Leading Freedom (and Fundraising) Forward
In 2004, the American Civil Liberties Union was up against it. Its membership had hit the 550,000 mark, yet its major-gifts strategy was anemic at best and planned giving wasn't exactly a priority. And despite the fact that it was on the front lines of what some feel was the greatest civil-liberties crisis in the United States since World War II, the highly visible and aggressive organization was operating under an internal inferiority complex that was undermining its ability to raise a sustainable source of income.
Anthony Romero, the ACLU's executive director and — by his own design — chief fundraising officer, was struggling with an endowment-building campaign that was missing its mark. So there was no great cry of despair when Director of Institutional Advancement and Special Projects Donna McKay suggested the organization close it out.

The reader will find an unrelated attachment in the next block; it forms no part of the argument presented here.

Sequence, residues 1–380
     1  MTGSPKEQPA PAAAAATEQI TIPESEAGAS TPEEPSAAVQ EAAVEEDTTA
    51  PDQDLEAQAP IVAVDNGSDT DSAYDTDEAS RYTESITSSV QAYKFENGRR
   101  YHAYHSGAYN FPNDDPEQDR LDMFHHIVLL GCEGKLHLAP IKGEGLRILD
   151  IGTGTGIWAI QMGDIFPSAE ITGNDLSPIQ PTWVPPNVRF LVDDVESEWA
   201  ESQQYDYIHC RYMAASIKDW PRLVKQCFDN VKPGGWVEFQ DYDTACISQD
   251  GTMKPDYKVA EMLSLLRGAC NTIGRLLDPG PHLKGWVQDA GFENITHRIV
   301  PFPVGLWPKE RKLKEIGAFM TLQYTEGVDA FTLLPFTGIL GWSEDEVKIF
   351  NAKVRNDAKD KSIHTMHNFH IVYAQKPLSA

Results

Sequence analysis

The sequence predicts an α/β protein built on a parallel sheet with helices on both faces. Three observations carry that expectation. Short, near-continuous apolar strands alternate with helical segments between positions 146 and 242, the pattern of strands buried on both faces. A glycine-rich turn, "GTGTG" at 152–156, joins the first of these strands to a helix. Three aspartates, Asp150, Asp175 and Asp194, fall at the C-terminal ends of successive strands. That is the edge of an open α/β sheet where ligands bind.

But before Romero could exhale, McKay was greasing the wheels for the next campaign, which promised to be bigger, bolder, more comprehensive and — yes — probably more exhausting than the last one.
"George Bush was in the White House, and John Ashcroft was our attorney general," McKay says. "We [felt we] were in the midst of one of the greatest civil-liberties crises in the country's history, a crisis of epic proportions, a crisis that is still going on today.
"It's not a time to be putting money away for tomorrow," she says, explaining a possible reason for the organization's difficulty in raising endowment monies.
Soon after, the Leading Freedom Forward (LFF) campaign was launched. With an unusual dual focus of increasing both major and planned gifts, it raised $407 million over the past five years, surpassing its original goal of $250 million. The campaign launched in January 2005 with the goal of raising $100 million in cash gifts and $150 million in planned giving. When it closed in mid-September, it had brought in more than $150 million in cash gifts and more than $250 million in planned giving.